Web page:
If you want things the play out exactly as you planned them, write a novel. As a collaborative creative activity, a tabletop roleplaying game is a living thing. It’s organic, and messy, and in spite of what the rules lawyers and “system matters” folks will try to tell you, largely improvisational. It’s not a matter of balancing surprise versus control at the table. You need to let go of the notion that anyone has any semblance of control, and go along with whatever happens.
That doesn’t mean that there’s no structure. There have to be systems in place to keep things moving. Don’t conflate that with control. Structure is having hallways that lead places. Control is trying to keep people from running in the hallways.
Surprise is better. The whole reason I love the shared narration mechanic in the Lighthouse System is because as a guide I get to be surprised. The players add twists and turns to the story, and I get to interpret that, integrate it into my plans, and build on it. Most of the time they have better ideas than I do. That’s a lot more fun than running things off of my notes.
Surprise versus Control
People talk about “railroads” in terms of plots having only a few possible resolutions. You follow the steps, in order, and that’s the only way to complete the mission. My experience is that you’re more likely to find a gamemaster pushing a story in a certain way, than finding fault with the adventure itself. Your idea might be better, more logical, more entertaining. The gamemaster prepped for something else, though, so you’re going to end up there no matter what decision you make.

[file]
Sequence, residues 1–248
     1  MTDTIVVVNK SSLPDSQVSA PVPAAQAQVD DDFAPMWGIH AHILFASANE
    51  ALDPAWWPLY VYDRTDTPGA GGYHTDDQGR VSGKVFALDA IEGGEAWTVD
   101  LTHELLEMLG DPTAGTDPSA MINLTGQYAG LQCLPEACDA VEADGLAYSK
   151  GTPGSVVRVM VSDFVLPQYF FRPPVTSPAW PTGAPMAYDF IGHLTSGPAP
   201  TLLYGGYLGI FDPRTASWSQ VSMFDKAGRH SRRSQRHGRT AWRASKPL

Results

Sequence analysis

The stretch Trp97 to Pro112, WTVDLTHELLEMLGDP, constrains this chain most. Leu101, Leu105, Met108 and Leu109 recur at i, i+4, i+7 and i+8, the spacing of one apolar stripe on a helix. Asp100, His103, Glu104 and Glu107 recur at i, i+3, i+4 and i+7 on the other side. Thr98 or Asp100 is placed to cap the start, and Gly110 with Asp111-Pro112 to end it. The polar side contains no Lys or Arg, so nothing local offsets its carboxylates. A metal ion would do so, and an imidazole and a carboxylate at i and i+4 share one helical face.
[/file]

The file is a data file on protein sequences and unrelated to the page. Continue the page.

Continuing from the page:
It’s far less stress to give up control and embrace the surprise. Listen to the players, trust them, and let them influence the game. Allow the plot to go in directions you didn’t anticipate. You’ll be amazed at what happens.
About Dancing Lights Press
Dancing Lights Press publishes story games that embrace a minimalist aesthetic in design and presentation. Our print books are affordable, at $10 or less. The 6×9 digest format makes them convenient to carry around. The spotlight belongs on the creativity of the players as they converse and collaborate on plot, worldbuilding, and character development. Roleplaying is an activity, not a book. Our titles are merely part of the delivery system.